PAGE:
Consolidating your technology suite

Many organizations are trying to consolidate the set of technology they use to ensure they can deliver quality service to their internal and external audiences. During this process, you’ll want to make sure:

  • Is it a user friendly solution
  • It integrates with other systems as required
  • It meets your staff and user needs easily
  • You get buy-in from others who will need to use it before you mandate it

Now that you have your technology, requirements, and understand your audiences, you need to understand how to create your new system in a way that doesn’t just get the job done, but provides a fulfilling and delightful user experience. The technology you choose can impact collaboration when you think about factors such as:

  • Integrating within your work environment
  • Ease-of-use for people with varying skill sets 
  • The ability to produce usable data and reports
  • Customizable dashboards that ensure you are using the systems as they re intended

You can’t improve what’s not being measured!

Creating key performance indicators (KPIs) in terms of user experience, usability, accessibility, and equity will prove an invaluable way to determine if you are. 

You can get a free Insights Report from Siteimprove for a personalized look at the performance of your website. Siteimprove’s team of experts will conduct a customized audit of your website’s health and benchmark and compare it to other government agencies.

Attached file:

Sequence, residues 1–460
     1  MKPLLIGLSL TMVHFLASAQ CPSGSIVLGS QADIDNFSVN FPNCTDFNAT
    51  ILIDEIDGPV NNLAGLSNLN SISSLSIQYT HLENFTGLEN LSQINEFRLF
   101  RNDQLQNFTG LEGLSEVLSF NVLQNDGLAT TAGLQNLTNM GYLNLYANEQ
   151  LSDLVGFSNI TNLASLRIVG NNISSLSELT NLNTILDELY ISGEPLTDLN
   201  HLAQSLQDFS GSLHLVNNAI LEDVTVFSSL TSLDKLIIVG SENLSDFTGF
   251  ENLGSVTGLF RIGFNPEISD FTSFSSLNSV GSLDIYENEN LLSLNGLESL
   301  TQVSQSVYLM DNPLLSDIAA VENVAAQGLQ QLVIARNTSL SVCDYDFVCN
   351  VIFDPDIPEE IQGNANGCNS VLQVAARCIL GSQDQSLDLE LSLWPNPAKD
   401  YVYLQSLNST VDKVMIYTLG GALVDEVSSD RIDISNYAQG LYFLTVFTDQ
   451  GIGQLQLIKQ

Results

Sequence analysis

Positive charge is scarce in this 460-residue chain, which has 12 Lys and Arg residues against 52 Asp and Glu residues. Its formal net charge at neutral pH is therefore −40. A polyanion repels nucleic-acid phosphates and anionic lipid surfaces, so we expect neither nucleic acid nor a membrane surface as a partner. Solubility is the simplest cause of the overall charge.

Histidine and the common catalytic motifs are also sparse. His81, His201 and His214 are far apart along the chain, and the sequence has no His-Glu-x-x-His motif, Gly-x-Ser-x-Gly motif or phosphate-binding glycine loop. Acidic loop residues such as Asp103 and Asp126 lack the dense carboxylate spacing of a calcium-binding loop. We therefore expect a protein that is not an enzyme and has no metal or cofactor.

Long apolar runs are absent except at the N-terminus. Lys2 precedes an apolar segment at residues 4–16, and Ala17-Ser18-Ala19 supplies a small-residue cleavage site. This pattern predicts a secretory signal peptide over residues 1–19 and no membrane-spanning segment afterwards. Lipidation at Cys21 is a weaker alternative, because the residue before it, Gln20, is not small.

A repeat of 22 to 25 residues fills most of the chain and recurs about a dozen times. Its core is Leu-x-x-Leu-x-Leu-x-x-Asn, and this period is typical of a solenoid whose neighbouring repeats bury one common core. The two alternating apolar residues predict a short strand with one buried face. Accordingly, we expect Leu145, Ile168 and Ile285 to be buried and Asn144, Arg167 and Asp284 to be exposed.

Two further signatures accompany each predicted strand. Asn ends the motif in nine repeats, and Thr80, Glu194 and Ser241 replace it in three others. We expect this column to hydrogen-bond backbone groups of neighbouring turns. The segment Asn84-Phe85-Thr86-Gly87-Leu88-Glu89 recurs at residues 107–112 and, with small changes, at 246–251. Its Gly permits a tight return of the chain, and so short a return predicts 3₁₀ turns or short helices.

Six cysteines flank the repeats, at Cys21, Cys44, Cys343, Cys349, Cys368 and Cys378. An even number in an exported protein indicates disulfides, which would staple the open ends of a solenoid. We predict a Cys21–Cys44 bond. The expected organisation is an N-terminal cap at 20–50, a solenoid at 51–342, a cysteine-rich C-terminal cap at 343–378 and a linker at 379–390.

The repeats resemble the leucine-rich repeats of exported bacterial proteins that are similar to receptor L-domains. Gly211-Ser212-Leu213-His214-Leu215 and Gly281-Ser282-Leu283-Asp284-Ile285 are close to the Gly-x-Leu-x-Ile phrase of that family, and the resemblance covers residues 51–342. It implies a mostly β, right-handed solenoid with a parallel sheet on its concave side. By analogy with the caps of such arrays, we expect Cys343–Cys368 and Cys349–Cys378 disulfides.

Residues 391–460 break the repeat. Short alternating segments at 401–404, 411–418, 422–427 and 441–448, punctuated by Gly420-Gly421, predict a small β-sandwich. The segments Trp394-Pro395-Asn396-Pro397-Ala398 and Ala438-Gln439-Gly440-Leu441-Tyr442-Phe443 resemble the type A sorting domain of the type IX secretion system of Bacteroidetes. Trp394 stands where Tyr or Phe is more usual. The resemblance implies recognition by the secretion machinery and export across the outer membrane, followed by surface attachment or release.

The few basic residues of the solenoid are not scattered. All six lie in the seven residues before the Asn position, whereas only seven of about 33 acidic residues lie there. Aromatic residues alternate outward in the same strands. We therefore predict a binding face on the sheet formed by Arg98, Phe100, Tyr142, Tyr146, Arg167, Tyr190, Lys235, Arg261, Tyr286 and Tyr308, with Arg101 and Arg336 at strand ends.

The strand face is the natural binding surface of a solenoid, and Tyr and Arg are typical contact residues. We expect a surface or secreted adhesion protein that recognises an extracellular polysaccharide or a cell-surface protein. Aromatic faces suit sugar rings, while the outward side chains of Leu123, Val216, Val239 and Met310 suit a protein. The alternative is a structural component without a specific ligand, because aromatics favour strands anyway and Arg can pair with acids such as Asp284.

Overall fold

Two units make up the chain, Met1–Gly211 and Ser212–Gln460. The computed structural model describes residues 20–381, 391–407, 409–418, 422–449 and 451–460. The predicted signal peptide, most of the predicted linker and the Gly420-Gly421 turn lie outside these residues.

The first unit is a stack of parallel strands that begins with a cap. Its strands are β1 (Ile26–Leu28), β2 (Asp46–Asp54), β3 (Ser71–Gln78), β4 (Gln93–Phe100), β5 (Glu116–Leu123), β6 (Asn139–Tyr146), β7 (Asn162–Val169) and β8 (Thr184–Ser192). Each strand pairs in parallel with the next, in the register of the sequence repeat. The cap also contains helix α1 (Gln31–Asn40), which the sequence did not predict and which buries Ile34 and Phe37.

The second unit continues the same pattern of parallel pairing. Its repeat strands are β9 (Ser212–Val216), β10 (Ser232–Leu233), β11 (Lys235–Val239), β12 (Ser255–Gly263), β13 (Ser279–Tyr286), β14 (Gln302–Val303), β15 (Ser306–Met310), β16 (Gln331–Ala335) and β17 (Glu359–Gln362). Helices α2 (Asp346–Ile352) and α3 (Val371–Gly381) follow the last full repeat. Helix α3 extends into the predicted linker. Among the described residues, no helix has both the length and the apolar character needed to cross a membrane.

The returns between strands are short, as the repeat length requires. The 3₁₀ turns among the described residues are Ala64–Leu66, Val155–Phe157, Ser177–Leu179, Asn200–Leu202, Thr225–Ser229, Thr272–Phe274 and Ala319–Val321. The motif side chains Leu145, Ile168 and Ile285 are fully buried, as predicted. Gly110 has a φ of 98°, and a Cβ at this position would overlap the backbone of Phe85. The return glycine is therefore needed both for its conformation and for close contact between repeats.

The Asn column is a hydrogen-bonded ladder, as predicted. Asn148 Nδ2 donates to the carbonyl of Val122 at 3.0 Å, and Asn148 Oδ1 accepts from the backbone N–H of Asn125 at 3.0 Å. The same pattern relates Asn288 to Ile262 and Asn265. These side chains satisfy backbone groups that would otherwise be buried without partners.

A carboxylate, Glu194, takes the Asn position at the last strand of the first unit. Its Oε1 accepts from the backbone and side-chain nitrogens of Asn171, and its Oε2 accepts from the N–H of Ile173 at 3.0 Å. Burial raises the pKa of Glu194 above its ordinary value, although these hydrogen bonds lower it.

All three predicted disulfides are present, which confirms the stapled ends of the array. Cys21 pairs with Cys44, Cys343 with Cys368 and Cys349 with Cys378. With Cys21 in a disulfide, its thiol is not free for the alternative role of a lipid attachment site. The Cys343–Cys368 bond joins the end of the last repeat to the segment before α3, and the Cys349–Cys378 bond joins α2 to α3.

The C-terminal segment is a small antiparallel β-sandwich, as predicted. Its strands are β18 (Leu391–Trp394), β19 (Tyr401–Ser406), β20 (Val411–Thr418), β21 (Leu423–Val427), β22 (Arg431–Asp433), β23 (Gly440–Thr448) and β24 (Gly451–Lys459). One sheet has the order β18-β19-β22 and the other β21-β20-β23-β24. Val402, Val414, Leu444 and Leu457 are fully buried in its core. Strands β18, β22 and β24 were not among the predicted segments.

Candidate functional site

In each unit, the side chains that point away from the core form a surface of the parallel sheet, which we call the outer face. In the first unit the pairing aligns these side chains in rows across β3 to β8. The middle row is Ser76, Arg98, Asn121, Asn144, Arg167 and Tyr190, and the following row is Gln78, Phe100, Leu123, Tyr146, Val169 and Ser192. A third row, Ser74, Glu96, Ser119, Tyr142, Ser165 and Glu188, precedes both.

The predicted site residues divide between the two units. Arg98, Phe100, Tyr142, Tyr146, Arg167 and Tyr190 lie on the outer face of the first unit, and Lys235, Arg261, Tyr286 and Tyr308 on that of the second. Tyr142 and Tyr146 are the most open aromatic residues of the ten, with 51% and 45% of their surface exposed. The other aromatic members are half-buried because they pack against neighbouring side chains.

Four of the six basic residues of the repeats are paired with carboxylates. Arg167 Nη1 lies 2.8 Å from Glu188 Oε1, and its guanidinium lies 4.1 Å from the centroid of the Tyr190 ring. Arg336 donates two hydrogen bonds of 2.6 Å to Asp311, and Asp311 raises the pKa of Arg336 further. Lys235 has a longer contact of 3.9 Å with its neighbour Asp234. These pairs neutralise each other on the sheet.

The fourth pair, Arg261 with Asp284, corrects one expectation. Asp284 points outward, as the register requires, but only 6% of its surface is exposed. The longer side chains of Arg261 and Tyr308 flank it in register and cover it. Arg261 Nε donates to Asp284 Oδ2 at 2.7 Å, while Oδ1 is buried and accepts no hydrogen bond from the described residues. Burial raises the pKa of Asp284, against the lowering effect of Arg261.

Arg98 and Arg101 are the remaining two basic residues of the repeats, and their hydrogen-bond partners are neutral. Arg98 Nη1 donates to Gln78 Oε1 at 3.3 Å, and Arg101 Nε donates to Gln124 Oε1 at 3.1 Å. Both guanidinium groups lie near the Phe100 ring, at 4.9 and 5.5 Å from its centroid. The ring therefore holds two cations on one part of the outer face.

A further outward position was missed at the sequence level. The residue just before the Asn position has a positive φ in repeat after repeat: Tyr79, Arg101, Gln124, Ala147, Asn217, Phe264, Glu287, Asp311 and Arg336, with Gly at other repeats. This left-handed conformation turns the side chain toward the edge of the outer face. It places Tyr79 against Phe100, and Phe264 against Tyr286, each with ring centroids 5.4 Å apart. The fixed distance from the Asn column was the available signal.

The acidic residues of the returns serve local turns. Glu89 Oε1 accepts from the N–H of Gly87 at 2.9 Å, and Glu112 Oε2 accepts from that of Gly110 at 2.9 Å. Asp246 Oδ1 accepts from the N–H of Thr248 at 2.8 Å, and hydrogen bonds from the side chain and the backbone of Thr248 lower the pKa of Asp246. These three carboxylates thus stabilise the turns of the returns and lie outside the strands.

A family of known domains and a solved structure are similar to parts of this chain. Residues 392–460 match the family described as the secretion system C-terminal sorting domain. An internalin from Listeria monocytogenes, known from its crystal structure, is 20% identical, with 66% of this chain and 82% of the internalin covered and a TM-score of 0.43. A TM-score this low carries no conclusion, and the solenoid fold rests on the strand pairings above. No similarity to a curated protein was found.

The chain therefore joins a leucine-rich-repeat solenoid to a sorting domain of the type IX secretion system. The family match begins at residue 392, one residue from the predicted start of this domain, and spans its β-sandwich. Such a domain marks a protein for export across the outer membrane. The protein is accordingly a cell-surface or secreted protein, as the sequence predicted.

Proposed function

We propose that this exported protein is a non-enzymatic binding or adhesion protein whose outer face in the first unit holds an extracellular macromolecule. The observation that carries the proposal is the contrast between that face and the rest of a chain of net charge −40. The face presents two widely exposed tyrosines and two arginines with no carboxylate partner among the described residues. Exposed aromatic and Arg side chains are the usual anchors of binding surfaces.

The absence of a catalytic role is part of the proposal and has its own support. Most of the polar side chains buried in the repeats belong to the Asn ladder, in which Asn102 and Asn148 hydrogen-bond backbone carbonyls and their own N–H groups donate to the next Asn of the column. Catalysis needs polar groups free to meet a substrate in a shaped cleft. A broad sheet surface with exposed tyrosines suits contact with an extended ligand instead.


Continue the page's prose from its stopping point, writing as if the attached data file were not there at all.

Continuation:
We know it may seem daunting to think about a modernization effort, but if you break it down into chunks it is completely doable. 

  • First, understand your internal capabilities. If you don’t have the internal resources to complete the project, then reach out to an expert and have them help you. 
  • Second, you’ll need to baseline your current system. Know how it works, what parts should be kept, where the pain points are, and what you can leave behind. Don’t try to replace it exactly—this is your opportunity to streamline and improve it.
  • Lastly, talk to the end users. They are going to give you extremely valuable feedback about what is working, what isn’t, and how to improve the overall process. You’ll learn a ton in the process.

We’re happy to discuss your next government modernization project with you.